Warplanes: March 21, 2005


The U.S. Air Force is creating Air National Guard squadrons to operate UAVs. The first three, to be in New York, Arizona and Texas, will operate the RQ-1A Predator. There are two interesting aspects to this. First, basing Predators in cold climates. Current Predators have trouble operating in cold weather, because of the icing on the wings. Predators are relatively small aircraft, and the lack of a human on board makes ice on the wings more difficult to deal with. The air force is determined to solve this problem, and basing Predators in New York (which has some pretty nasty Winters, particularly upstate, where most of the military bases are) is a clear sign of that. The second interesting angle to this is the use reserve troops for operating Predator. This was expected, because of the ability of the UAV to be flown by controllers based anywhere on the planet. Reservist Predator crews would be preferred for this, as the reservists could operate out of their home bases, and not be sent overseas. Moreover, Predator crews dont need as much training, to be effective, as crews that are actually in the air. The air force plans to expand its Predator force from the current three squadrons, to fifteen (including the three in the National Guard.) 

This expansion will take five years to complete. Creating the twelve additional squadrons will cost several billion dollars, and most new units will probably be equipped with the slightly larger B model of Predator. The CIA also operates a squadron (or more) of Predators, and pioneered the use of Hellfire missiles on them. The air force has since armed its Predators. What makes Predators so useful is the ability to stay over an area for 24 hours or more (persistence). If the Predator is armed, it can immediately attack whatever it has been looking for (usually a target that is trying hard not to be found.)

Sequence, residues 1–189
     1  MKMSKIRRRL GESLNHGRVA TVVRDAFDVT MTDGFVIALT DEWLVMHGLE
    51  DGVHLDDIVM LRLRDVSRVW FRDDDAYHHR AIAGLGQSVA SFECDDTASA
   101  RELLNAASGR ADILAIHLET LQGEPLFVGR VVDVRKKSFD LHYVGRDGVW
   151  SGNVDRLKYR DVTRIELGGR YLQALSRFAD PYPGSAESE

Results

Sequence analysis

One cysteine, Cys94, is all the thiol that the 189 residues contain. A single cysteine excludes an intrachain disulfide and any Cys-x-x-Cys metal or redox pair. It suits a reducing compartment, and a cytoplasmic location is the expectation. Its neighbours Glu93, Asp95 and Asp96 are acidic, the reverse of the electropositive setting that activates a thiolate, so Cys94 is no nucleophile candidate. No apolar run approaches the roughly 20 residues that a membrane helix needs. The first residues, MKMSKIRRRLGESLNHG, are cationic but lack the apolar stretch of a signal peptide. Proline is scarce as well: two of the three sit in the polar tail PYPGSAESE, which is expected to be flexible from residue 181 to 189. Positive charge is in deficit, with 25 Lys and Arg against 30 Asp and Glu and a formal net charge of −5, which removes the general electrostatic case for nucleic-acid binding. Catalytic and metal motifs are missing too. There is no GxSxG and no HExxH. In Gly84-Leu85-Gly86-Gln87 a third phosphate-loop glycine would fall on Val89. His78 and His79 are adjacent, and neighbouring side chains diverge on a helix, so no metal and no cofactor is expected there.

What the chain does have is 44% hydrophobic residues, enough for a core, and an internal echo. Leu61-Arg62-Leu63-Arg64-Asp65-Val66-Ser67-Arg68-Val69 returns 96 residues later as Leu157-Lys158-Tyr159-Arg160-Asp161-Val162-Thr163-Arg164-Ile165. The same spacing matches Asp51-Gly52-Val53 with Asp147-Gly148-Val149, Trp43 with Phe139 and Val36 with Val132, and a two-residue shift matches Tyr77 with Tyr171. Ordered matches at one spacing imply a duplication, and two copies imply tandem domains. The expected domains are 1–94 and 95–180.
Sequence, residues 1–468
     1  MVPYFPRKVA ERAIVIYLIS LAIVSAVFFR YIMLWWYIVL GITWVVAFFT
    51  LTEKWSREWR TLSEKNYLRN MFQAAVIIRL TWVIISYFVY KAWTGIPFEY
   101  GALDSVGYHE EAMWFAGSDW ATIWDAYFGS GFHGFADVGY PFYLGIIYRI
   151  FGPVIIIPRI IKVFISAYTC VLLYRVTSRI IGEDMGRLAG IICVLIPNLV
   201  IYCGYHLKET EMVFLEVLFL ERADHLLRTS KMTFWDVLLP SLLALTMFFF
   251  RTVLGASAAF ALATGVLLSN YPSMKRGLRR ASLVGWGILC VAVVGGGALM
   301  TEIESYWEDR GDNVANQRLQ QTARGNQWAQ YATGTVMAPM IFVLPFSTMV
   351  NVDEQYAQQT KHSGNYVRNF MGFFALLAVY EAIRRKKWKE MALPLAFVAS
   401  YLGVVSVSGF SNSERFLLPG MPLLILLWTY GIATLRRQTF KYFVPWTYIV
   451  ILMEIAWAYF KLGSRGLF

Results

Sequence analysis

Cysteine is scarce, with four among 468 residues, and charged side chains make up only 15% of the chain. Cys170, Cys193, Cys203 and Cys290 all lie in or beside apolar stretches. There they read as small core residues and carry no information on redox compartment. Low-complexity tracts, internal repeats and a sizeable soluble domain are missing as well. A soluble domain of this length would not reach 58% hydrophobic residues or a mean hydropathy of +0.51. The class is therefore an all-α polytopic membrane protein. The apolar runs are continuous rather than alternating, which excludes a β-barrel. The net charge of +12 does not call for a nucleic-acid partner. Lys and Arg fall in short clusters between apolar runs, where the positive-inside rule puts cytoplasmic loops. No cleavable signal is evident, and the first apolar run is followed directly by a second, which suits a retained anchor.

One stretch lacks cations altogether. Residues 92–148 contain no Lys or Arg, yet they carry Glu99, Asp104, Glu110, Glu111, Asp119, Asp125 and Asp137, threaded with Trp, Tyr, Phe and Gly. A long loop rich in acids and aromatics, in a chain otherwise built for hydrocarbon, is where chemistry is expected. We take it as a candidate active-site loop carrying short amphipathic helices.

The first Predator unit (the 11th Reconnaissance Squadron) was established in 1995, the second in 1997 (the 15th Reconnaissance Squadron,) and the third (the 17th) in 2002. These three squadrons have had their UAVs in the air for some 90,000 hours so far. The one ton Predator is 27 feet long and has a 48 foot wingspan. The basic Predator unit has a ground control station, satellite dish, four aircraft and 82 airmen to service and operate the UAVs. There are three of these units (called "flights") in a Predator squadron.




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